But with 18 seconds left, the Penguins broke through. The Penguins sent the puck in, and Dan Girardi stopped skating, anticipating an icing. The puck was sent on net from a bad angle, Hank made the save, Marc Staal missed the loose puck and Patric Hornqvist scored on the rebound. That 1-0 scoreline would be the score heading into the locker room despite the Rangers getting 12 shots on goal.

Marc Staal had an awful period. He missed a wide open net, shooting the puck into Zatkoff. He unintentionally hurt Henrik Lundqvist. And then he made a crucial error on the Hornqvist goal. Not a good first 20 minutes for him, especially if he is being counted on to fill in McDonagh’s shoes.

Antti Raanta was the starting goaltender coming out for the second period, as Henrik Lundqvist was still dealing with his eye injury. No news about the extent of his injury was revealed. Raanta would finish the game.

Nine seconds into the period, Chris Kreider took a penalty, but the Rangers killed it off. On that penalty, Chris Kunitz hit the post with a wrist shot. Raanta was tested throughout, making two huge saves on Eric Fehr on back-to-back opportunities. He was playing very well throughout the period, making six saves, a few of those being very impressive.

He also made an excellent save on Carl Hagelin’s deflection late in the period. The Rangers got a power play of their own, and had some really good chances. They had an extended shift with a lot good looks, but Jeff Zatkoff came up huge, making an excellent glove save on a wrister from Zuccarello. Zatkoff also came up big on Viktor Stalberg on an odd man rush, throwing out his arm and making the stop.

After controlling play for most of this period as well, the Rangers looked very fragile like they have many times this season, surrendering a goal to Sidney Crosby with 1:04 remaining in the period.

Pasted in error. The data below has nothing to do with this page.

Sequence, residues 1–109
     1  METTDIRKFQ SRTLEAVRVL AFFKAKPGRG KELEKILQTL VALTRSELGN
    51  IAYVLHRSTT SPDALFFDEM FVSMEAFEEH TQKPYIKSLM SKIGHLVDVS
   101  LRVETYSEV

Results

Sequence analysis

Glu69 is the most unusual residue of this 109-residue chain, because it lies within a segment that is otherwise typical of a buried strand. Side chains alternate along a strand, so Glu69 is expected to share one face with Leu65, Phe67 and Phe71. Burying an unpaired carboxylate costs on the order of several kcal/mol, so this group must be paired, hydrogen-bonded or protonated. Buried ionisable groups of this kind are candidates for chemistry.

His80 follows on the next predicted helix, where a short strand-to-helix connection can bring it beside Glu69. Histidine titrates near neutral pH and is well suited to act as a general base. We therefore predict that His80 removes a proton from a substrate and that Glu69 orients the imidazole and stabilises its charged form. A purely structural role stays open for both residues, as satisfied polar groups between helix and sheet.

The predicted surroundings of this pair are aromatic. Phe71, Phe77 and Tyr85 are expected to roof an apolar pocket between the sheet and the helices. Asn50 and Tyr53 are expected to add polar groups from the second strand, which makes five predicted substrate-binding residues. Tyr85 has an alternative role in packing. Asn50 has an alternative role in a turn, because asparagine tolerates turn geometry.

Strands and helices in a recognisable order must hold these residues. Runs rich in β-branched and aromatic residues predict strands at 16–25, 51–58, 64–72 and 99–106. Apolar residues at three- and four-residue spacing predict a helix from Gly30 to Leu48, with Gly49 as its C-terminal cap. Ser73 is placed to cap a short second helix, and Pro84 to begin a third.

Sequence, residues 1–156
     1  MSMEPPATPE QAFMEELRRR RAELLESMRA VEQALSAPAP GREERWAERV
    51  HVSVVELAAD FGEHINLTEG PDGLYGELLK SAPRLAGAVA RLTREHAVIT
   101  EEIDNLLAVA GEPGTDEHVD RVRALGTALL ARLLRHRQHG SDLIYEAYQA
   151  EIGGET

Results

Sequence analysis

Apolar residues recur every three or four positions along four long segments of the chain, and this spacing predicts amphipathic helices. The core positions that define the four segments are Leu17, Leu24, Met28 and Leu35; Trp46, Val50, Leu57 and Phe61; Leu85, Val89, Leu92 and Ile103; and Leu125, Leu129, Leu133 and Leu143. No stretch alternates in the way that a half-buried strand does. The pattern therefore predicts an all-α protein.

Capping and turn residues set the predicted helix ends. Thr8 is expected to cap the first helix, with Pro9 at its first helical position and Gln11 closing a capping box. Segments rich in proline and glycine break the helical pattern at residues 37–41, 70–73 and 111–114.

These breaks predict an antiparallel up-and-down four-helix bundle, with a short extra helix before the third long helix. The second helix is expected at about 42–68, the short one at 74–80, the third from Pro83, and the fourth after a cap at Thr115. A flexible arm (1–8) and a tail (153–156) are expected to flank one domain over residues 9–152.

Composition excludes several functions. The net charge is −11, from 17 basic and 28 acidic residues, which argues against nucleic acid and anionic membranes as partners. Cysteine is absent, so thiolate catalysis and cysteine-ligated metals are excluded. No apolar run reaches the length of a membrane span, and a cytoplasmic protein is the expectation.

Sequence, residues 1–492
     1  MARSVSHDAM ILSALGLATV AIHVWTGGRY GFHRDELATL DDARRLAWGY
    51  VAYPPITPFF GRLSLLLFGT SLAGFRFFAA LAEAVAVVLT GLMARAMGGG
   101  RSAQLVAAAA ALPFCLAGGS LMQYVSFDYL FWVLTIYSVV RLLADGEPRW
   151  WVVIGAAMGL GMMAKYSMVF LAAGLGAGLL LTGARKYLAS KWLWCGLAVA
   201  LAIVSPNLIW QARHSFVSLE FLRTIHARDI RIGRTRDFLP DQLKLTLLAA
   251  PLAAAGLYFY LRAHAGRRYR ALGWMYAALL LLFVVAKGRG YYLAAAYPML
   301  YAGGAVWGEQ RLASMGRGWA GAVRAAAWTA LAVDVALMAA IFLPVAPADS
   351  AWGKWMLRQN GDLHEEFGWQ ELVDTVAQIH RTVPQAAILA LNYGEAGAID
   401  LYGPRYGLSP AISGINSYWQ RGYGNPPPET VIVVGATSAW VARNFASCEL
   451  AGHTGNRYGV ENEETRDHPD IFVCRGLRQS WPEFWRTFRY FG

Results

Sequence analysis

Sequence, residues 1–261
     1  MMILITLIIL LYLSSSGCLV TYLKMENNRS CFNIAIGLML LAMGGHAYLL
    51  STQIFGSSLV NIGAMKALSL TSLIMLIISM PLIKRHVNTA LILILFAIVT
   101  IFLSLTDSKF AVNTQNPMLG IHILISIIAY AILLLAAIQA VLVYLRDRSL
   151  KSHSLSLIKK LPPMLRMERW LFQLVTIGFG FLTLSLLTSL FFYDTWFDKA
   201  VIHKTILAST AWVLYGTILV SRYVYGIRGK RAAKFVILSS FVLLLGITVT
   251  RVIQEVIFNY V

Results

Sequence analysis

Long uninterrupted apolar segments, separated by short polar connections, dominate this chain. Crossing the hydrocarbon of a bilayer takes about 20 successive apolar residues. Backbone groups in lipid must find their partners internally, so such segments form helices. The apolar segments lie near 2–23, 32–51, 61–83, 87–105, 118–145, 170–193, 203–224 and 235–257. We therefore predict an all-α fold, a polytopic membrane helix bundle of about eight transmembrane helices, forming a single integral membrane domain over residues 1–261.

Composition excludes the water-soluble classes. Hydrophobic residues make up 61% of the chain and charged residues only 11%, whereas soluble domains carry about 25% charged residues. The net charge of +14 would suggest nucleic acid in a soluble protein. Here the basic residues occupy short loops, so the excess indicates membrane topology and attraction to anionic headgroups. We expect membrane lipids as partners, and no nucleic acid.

The dynamite pairing of Marc Staal and Dan Girardi forgot Crosby was on the ice, and he slipped in behind them, receiving a long stretch pass from Patric Hornqvist. He sent a perfect shot up high, extending the Penguins’ lead to 2-0 heading into the final period.

Right off the bat, the Rangers came so close to scoring a goal. Mats Zuccarello fed Derek Stepan cutting to the net, but his redirection hit the goal post. Eric Staal also had a breakaway chance in this period, but Jeff Zatkoff made a great save.

On that play, the Rangers wound up getting two total power plays. Hagelin was sent to the box for four minutes on a high sticking double minor, and Ben Lovejoy was called for roughing. On that two man advantage, the Rangers scored, cutting the lead to 2-1. Derick Brassard passed it off to Rick Nash at the goal line, and he hit Stepan, who shot it into the open net.

But on the rest of their power play minutes, the Penguins were the ones that took advantage. Dan Boyle had a wide open net, but Lovejoy cleared the puck and sent the Pens on a breakaway. Tom Kuhnhackl converted on a feed from Nick Bonino for a shorthanded goal, recapturing Pittsburgh’s two goal lead.

Patric Hornqvist scored his second goal of the game on the power play. A shot deflected off of Phil Kessel and through Raanta’s legs, and sat in the crease for Hornqvist to tap in. The Penguins led 4-1.

Derek Stepan did everything he could to keep the Rangers in the game, scoring his second goal of the game with 10 minutes to go. Dan Boyle made a great play, carrying the puck through the neutral zone, holding onto the puck and sending the shot on net for Stepan to score.

Hornqvist would complete his hat trick sending the puck into the empty net, and sealing a 5-2 Penguins win in Game 1.

The Rangers will look to bounce back in Game 2 on Saturday at the CONSOL Energy Center at 3 PM.


1) Derek Stepan – 2 G, 7 S, +8 CF, 18:34 TOT

2) Dan Boyle – 1 A, 4 SA, +10 CF, 19:54 TOT

3) Antti Raanta – 16 SV

Posted on April 14, 2016, in Game Recaps and tagged , , , , , , , , , , , , , , , , , , , , , , , , , . Bookmark the permalink. 2 Comments.

  1. That’s about the best wrap-up I have ever seen. You missed nothing.